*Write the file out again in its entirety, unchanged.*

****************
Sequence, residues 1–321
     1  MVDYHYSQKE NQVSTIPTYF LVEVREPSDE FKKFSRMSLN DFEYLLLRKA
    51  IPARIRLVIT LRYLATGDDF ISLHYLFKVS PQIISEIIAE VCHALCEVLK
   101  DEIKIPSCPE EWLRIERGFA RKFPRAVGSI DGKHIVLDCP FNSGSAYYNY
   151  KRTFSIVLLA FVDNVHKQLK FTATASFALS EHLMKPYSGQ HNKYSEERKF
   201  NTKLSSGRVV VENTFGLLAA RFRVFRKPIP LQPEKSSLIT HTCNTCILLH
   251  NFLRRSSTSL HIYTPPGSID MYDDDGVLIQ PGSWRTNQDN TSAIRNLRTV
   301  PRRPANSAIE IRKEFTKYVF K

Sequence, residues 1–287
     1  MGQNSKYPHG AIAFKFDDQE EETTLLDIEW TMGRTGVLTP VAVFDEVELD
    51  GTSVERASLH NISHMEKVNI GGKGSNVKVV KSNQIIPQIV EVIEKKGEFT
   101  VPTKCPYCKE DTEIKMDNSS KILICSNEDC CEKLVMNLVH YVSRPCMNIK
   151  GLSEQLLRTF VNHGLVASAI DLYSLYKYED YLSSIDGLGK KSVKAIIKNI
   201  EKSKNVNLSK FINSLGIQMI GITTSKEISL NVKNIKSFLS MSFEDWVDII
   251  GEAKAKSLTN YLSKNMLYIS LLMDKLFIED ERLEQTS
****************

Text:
Sequence, residues 1–321
     1  MVDYHYSQKE NQVSTIPTYF LVEVREPSDE FKKFSRMSLN DFEYLLLRKA
    51  IPARIRLVIT LRYLATGDDF ISLHYLFKVS PQIISEIIAE VCHALCEVLK
   101  DEIKIPSCPE EWLRIERGFA RKFPRAVGSI DGKHIVLDCP FNSGSAYYNY
   151  KRTFSIVLLA FVDNVHKQLK FTATASFALS EHLMKPYSGQ HNKYSEERKF
   201  NTKLSSGRVV VENTFGLLAA RFRVFRKPIP LQPEKSSLIT HTCNTCILLH
   251  NFLRRSSTSL HIYTPPGSID MYDDDGVLIQ PGSWRTNQDN TSAIRNLRTV
   301  PRRPANSAIE IRKEFTKYVF K

Sequence, residues 1–287
     1  MGQNSKYPHG AIAFKFDDQE EETTLLDIEW TMGRTGVLTP VAVFDEVELD
    51  GTSVERASLH NISHMEKVNI GGKGSNVKVV KSNQIIPQIV EVIEKKGEFT
   101  VPTKCPYCKE DTEIKMDNSS KILICSNEDC CEKLVMNLVH YVSRPCMNIK
   151  GLSEQLLRTF VNHGLVASAI DLYSLYKYED YLSSIDGLGK KSVKAIIKNI
   201  EKSKNVNLSK FINSLGIQMI GITTSKEISL NVKNIKSFLS MSFEDWVDII
   251  GEAKAKSLTN YLSKNMLYIS LLMDKLFIED ERLEQTS